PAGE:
Defining the Category Romance
Series or “category” romance is the mainstay of the romance industry. Harlequin Enterprises publishes most of the ones in the market today, which is why the name Harlequin, for many, is synonymous with romance fiction.
So, what is a category romance? Generally, it's a shorter romance that is released as part of an established line. Each novel in the line, or series, is given a number, which is reflected on the spine of the book.
Much like their single-title counterparts, series romance novels can cover a wide spectrum of subgenres. Paranormal elements, romantic suspense subplots, erotic overtones — if the subgenre is a hot seller in the romance market as a whole, it's a safe bet that it will be available in a category format.
In an average month, Harlequin Enterprises in North America releases more than 115 novels. The majority of these books are “category” romances, such as Silhouette Desire, Harlequin Blaze, and Harlequin American.
Because of their need to keep pace with the tastes and interests of a worldwide romance readership, category lines are continually growing and changing. Lines that were popular one year may be discontinued the next and replaced with new ones. Older lines may be revamped and relaunched under a new name.
Generally, however, series romances have the following four distinct characteristics:
Books in the line have a specific word count.
The line releases the same number of titles each month.
The covers have a similar tone and style.
The publisher follows specific editorial guidelines for each line.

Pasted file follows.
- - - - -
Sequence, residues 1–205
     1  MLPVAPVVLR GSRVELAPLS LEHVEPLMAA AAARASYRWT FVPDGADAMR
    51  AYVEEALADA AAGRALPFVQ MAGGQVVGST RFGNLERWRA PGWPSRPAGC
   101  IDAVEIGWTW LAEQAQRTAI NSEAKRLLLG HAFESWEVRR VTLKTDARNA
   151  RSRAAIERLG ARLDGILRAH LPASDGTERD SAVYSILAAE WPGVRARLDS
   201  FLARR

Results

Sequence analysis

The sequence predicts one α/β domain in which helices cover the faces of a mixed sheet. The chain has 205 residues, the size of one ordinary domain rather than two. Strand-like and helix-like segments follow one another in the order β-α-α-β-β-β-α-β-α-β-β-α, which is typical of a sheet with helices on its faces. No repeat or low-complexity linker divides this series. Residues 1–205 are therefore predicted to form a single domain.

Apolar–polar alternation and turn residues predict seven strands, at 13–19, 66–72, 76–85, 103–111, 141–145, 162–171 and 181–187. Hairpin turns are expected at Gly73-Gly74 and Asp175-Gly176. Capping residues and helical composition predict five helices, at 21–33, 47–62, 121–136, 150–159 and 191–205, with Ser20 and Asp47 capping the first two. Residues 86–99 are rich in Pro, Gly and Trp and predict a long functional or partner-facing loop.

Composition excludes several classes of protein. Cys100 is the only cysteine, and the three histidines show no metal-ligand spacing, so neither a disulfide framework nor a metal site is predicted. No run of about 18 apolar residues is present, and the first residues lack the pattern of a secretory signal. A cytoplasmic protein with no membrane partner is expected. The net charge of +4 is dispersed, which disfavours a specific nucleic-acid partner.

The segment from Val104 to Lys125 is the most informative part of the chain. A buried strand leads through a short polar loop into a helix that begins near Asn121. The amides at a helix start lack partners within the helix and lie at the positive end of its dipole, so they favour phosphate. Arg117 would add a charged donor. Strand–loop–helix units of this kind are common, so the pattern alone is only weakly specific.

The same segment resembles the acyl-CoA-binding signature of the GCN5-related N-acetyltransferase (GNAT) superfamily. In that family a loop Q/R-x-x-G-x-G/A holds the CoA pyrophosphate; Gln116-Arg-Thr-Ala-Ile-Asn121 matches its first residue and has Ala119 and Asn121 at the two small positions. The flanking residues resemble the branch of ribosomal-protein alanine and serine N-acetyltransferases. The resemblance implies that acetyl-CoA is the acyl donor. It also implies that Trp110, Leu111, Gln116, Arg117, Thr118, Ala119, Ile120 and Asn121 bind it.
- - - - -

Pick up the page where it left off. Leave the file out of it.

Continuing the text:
In addition to being available in a variety of retail and wholesale outlets, series romances are usually sold as part of an in-house book club that sends all titles for that month to a reader at substantial discounts and usually in advance of their bookstore placement.
Keeping track of changes in the category lines can be difficult for a writer without connections to the publishing industry. A reliable source for the latest scoop is Romantic Times BOOKreviews.
Long contemporaries are contemporary romance novels that are more than 70,000 words in length. The level of sensuality can vary widely, as can the type of subplots used.
These contemporary romance novels are between 40,000 and 69,000 words in length. The level of sensuality can also vary, although many of the sexier, more sexually explicit titles fall into this category.
Category historicals are romance novels set before the world wars. With varying levels of sensuality, these books are generally between 40,000 and 95,000 words in length.
A Little Something Different
Publishers are always on the lookout for the next hottest selling subgenre. Often, they get their inspiration for new category lines from popular television shows, movies, or bestselling fiction in non-romance genres.
These are romance novels that deviate from the traditional formula in some way, whether through their format or their subject matter. Examples include romance novels that focus on the entire life of the relationship rather than just the courtship phase, or the recent NASCAR-themed line of romances from Harlequin Enterprises.
Romance publishers also experiment with new formats, such as immediate e-book releases for erotic romances, as well as manga romances, which are romance novels packaged as graphic novels that utilize the popular Japanese manga (comics) style.